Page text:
Fraud in Dental Practice.
St. Petersburg. July Guy Beringer, the
Reuter correspondent, whose papers were
m ;zed by the police yesterday on suspi
cion that he had communicated military
Ferrets to an Austrian correspondent, has
i^ecn allowed to go abroad for his vacation.
According to advices from Smolensk, pro
<*•-n;ngs have been begun against 307 He
brew dentists for obtaining dental certifl
cat^s in a fraudulent manner. The persons
icrjsed include bankers, merchants, com
mercial travel^rs and others possessing no
knovrlpdge of dentistry. Five medical offi
cials of Smolensk. Including two physicians,
are accused of conducting sham dental ex
Premier Canalejas Replies to Attack of
Bishop of Madrid.
Madrid. July E. — Religious debates are
raring in both houses of parliament. The
Bishop ■C Madrid, leading the attack In the
f^natp. said that the laws of the Church
*«■♦•> the law? of the country because the
•■«n*iitution made Catholicism the State
:?-liir;"n. Premier CanaJejas in reply taid
that th«> invasion of State sovereignty by
ih« Church was no longer tolerable. "I
kn f >w that a conspiracy exists to accom
fiHi my downfall,** he added. "Whether
!iit§icr^eds or not does not matter, as the
tiny ha* com» when Spain will place her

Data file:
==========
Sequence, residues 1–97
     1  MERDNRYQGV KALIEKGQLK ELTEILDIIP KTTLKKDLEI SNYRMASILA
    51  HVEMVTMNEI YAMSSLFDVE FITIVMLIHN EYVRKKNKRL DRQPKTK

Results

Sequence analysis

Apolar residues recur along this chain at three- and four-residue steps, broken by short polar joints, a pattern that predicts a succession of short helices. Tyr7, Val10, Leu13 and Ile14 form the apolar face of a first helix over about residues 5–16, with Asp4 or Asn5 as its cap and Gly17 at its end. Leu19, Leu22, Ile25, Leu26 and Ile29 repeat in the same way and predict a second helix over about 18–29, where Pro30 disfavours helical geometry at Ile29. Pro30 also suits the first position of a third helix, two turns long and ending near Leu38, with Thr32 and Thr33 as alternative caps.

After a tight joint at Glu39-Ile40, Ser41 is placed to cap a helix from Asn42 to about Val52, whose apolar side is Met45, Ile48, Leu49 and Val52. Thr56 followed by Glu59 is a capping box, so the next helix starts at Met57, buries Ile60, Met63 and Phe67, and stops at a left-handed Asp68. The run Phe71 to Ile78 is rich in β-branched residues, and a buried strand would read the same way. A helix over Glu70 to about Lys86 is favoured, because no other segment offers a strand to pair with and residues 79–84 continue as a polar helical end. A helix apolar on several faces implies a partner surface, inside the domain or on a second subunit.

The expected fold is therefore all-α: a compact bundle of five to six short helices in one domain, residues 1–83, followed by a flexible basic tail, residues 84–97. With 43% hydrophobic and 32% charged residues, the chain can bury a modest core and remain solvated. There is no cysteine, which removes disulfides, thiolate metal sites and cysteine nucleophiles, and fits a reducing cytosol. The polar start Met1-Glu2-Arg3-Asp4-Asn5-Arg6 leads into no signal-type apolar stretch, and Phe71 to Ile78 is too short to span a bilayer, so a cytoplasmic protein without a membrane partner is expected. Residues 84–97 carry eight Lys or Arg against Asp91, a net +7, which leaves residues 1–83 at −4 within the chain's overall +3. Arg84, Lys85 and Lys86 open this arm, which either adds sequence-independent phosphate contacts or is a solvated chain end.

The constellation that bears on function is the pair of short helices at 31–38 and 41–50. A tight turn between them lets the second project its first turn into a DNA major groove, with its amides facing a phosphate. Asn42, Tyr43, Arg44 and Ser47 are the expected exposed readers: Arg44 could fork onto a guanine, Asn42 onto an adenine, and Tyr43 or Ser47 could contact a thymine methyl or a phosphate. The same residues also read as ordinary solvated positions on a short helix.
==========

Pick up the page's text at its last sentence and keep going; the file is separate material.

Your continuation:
**lf nhrrnei of modern nations.**
Premier < ?nal>j»P , m said that even the
tei. .-.-v,0,,1(8 should have a religious and
moral ha.=i.«. and he would oppose those
»bo favored t**> •"xpulsion of the religious
ord*Ts *n.i the j^paration off the Church
fron the State.
TiK- Bishop of Madrid said that Premier
Canatejas had nothing to fear from the
Episi.oj:;:!*, which never had uttered a
«ord ca!cuia*«><l -i offend the Premier or
th* pcv»>rr.ment. whereupon the Premier
tamed to •-.' members of the Right and
■--' thpm to remark that the whole
;E*i>r ooiiate mil mnrrt their anti-govern
."■<•■ campaign which had been carried on
In it«-*« and pulpit.
Honolulu. July 5.— The release of K. Ma
fcino and three other leader? of the recent
■ t-- plantation j=trik<> caused great er
iw-ins: among the local Japanese. The
•sent*:,^ O f t h<? four strike leaders were
Henry erkins not bankrupt.
„ - - .
IV bankruptcy j.»>tHian against Henry
Krkinc. architect or the Cafe de rOpera,
**a «3ismiss?<l yesterday by Judge Hand.
1n the L'nii-d States District Court. Al-
Inefl U; Kvans failed to establisli tlie alle
*-• -■•* be made again* Mr. Erkins. Prac
ti^tdh- tti»> ojiiy lull ft— of Mr. Erkins
»** th*- ■ aba of \1 Rodney Berg, which
f *d vtt- M transferred to Evans, the exact
txxmr.i „t which was in dispute. Assets
**r* shown in excess of J125.000. while the
J^Wllties. excluding a secured claim of a
••C«l bar.k, ... ■• less an $5,000.
a guaranteed mortgage from us as
easily as you can make a deposit in a
bank. One visit does it and we mail
you interest each six months at the
Tate of 4 >-,% per annum.
The trouble and risk are ours —
l be comfort and safety yours. In
amounts from $200.00 up.
<*N.i « Surplus - ;.7..-.<«..<K>o
C«plU] and Surplus, : $14,000,000